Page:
There is a reason that most people think of car salespeople as con artists and thieves. They will do anything to rip you off. While they may not put a gun to your head or grab your wallet, they will try every trick possible to get you to spend extra money on a car. Here are a few of their favorite ways to get you to break your budget while you are shopping for a new (or new to you) ride.
- Sticker Price Inflation. The sticker price is the easiest place to rob you on a new car. The price usually includes items you do not need and services that have not been performed yet. Things like VIN etching, fabric treatment, and after-market undercarriage sealant can be eliminated from the price. They are all overpriced and unnecessary.
- Trade-in Lowballing. Every salesperson in the business will lowball your trade-in. Many hope that you have not researched your vehicle’s value on Kelley Blue Book (KBB). Dealers use the NADA (National Automobile Dealers Association) guide when determining the real value of a car and how much they can resell it for. The NADA value is generally higher than the KBB price. Let the salesperson know you are aware of the NADA value of your vehicle.
- Dealer Rate-Padding. If you use dealer-arranged financing, you are being very foolish. In most states, a dealership can add up to two percentage points to a loan offer just for arranging it. So, if the bank offers you 5%interest, the dealer can legally tell you the rate is 7% and pocket the extra cash. Arrange your own financing prior to shopping to avoid this scam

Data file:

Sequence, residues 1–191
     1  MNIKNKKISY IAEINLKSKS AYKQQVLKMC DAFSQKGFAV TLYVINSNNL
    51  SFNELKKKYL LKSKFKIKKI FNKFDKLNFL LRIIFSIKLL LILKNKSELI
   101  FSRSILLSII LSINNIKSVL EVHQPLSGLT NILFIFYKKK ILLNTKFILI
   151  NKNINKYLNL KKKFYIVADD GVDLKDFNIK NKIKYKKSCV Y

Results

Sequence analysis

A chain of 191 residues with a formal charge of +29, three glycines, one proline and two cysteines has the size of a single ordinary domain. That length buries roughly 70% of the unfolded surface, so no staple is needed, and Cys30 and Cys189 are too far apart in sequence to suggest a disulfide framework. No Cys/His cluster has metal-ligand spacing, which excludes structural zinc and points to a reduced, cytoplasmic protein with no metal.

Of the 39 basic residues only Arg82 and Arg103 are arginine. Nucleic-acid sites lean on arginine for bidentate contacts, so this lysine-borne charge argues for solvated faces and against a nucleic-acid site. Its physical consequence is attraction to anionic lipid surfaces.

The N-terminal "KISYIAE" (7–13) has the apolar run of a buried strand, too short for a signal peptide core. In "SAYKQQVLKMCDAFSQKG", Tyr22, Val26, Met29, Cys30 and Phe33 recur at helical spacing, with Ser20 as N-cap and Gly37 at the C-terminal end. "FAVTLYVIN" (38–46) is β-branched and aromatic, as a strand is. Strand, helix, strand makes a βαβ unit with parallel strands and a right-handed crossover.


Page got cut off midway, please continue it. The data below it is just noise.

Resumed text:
- Customer Service Fees. Dealerships often try to charge a ”customer service fee.” This fee has been known to be as high as $1,000. The fee is for doing the paperwork for your loan, processing the loan, and mailing in the sales tax. Refuse to pay it. Get up and walk out of the dealership if you must.
- Dealer Add-ons. Gap insurance and extended warranties are ways that dealerships increase their profits by preying on your fears. They will try to impress upon you how much your car can depreciate compared to your loan value, and how your insurance company will only pay the value in the event of a wreck. Next, they will say an extended warranty offers peace of mind. Well, both are cheaper anywhere you look — once you leave the dealership. You probably will never make a claim on an extended warranty if you shop wisely. The people who sell cars push every button and keep talking so that you will not notice the fine print on the sticker or in the loan papers. You need to go prepared to be ripped off so that you can protect yourself. Always arrange your own financing prior to shopping, and never tell a sales person how much you can afford.
Taylor Brown is an auto finance and purchasing expert. More of his work is available at www.specialfinancecarloan.com